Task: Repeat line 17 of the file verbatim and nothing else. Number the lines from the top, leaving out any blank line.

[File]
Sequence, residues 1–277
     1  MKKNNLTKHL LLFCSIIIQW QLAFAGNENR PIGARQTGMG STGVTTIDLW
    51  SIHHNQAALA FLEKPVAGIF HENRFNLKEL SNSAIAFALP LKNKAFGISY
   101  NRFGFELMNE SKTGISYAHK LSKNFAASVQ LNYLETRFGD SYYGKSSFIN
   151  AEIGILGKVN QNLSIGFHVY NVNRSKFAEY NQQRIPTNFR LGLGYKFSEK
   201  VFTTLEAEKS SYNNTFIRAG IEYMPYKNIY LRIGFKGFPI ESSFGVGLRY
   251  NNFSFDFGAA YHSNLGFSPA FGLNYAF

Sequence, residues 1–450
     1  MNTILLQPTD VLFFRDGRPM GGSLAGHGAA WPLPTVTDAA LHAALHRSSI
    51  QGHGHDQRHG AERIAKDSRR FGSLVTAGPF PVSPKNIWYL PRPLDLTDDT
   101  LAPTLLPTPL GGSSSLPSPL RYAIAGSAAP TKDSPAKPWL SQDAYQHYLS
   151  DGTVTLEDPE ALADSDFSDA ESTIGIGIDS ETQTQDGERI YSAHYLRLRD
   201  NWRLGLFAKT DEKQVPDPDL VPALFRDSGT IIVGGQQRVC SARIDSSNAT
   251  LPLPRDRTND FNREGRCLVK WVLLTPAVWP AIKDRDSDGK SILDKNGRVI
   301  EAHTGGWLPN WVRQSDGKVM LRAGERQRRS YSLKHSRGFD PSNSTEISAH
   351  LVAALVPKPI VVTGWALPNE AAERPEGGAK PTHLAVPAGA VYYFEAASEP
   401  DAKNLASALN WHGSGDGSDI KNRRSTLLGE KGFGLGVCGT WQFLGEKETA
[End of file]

   401  DAKNLASALN WHGSGDGSDI KNRRSTLLGE KGFGLGVCGT WQFLGEKETA